Zen – What does that actually mean?
We’ve all probably heard the word “Zen” before. There are Zen gardens, Zen Buddhism, and “Zen” is also understood as a kind of state of calm. But what does the term actually mean? I did some research and was surprised...
A hint from the universe?
I recently came across a book in my favorite bookstore that, once I looked at it, I couldn't put down. It's quite small, and the cover features an illustration in blue tones of a woman sitting on the shore of a lake. Mount Fuji can be seen in the background. The book is called “ Zen – The Art of Simple Living ” and the author’s name is Shunmyo Masuno. A look at the blurb reveals that this book is intended to convey 100 practices and teachings of Zen Buddhism that can be easily transferred to everyday life and lead to greater satisfaction. At the latest after I briefly leafed through the book and was totally impressed by the beautiful little illustrations inside, it was clear to me: “I have to take this with me!”
Why am I telling you this?
While reading the foreword, it occurred to me that although I have a general idea of what Zen is about, I have never really thought about what Zen actually means. I was hooked and did a little research. Because I think that I am certainly not alone in this and it would be a shame not to retain the knowledge I have gained, I am now sharing it with you here in this post.
What does “Zen” stand for?
Zen goes back to the Sanskrit word Dhyana , which means “ state of meditative absorption ”. It first spread in China in the 5th century as a branch of Buddhism, so it has a very long tradition. A Korean and a Vietnamese interpretation soon also developed. However, what we primarily understand as Zen today goes back to the Japanese version of Zen. This only developed later, in the 12th century. So much for the conceptual and historical background of the word.
We can therefore say that Zen is not a uniform “teaching” but exists in different versions. Zen also has roots in Buddhism; However, it is not to be understood as a religious movement and can therefore be experienced by anyone who deals with it.
It is often said that there is no real teaching behind Zen. Zen also does not contain any special wisdom. On the contrary, Zen ultimately offers “ nothing ”. What does that mean? So does Zen actually have no statement at all?
Yes, sure! Because this view fits very well with our current understanding of meditation, “ doing nothing ”.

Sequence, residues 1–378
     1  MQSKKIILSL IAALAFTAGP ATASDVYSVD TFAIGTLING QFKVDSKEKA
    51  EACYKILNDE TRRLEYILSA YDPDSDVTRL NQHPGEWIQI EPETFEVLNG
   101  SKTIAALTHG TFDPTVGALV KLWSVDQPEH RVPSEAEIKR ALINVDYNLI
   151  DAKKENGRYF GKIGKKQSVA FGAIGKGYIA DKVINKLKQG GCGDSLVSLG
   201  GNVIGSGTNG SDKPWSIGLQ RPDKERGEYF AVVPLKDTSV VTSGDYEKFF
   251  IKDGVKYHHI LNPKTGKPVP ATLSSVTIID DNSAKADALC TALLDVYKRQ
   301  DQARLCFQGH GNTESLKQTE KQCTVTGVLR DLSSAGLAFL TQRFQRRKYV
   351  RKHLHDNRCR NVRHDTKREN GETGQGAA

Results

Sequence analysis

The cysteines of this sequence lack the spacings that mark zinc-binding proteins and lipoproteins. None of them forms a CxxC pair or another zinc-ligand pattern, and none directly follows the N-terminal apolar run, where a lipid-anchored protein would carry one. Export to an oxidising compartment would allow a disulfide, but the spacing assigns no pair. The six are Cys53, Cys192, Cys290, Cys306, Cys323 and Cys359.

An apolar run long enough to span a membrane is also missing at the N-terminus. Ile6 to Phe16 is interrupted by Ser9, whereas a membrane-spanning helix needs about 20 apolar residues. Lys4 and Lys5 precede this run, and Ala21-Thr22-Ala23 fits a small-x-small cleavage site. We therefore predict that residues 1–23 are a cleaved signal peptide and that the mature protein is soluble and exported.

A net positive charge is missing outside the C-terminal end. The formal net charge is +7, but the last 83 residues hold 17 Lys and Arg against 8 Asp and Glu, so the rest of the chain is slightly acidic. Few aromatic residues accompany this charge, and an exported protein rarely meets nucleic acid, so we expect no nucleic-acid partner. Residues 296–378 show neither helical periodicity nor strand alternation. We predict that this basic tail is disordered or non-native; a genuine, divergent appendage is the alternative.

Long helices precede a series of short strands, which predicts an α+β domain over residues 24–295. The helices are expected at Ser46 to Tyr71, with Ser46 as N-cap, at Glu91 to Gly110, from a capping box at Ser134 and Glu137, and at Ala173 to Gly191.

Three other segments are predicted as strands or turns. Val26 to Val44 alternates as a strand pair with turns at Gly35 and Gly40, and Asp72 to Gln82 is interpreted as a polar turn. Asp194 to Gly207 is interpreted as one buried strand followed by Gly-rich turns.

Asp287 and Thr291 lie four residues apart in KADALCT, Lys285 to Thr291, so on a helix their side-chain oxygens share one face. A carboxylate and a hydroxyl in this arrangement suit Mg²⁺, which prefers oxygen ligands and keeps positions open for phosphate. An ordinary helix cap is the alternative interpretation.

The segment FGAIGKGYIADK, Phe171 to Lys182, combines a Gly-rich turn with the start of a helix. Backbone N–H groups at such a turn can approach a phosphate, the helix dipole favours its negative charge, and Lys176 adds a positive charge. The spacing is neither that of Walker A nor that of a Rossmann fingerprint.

Which brings us to a central point of Zen:
How is Zen practiced?
Sitting meditation , here called “ Zazen ”, is one of the central practices in Zen. The Japanese term Zazen means something like “sitting in absorption”. The sitting posture is typical: legs folded together, an upright back, half-open eyes and thumbs gently touching in your lap. Just like we know from decorative Buddha statues. But here too there are of course some variations of this position.
Sitting meditation is not about having enlightenment (which can also happen in Zen). Rather, the concentration should be on the present without dwelling on any thoughts. The mind should find peace. In Zen it is believed that overcoming “self-consciousness” leads back to our original nature and thus to our “normal state”. Sitting meditation is said to have a positive effect on the mind and body.
But concentrating on everyday life also plays a major role in Zen practice. The mind should not only find peace in meditation. The “flood of thoughts” should also be contained in everyday life by completely concentrating on the activities that you are carrying out at that moment.
What is Zen about, what is the goal?
Zen is intended to provide a new perspective on yourself, everyday life and the world. This is achieved by being present in the present moment. The sometimes sudden experience of universal unity is sometimes referred to as “enlightenment” or “becoming a Buddha,” even though this is not the goal of Zen.
So basically it's about going beyond the usual, categorizing thinking, into “not thinking”.
Masuno writes in the book mentioned at the beginning (loosely translated from English): “Zen gives suggestions and advice on habits and ideas surrounding a happy life”. Furthermore, four sentences play a central role in Zen: Spiritual awakening is conveyed outside of a teaching, it cannot be conveyed through words or texts, Zen is aimed directly at the human spirit and Zen enables one to return to one's own original nature sweep. To put it more simply: It's not about sticking to scriptures or the taught word, but rather about meeting yourself in the here and now, just as you are . According to Masuno, the “Zen style” consists of living an incredibly simple life, freed from meaningless things, from unnecessary worries and without the influence of other people’s values: “The answers you seek are within ” . 😌
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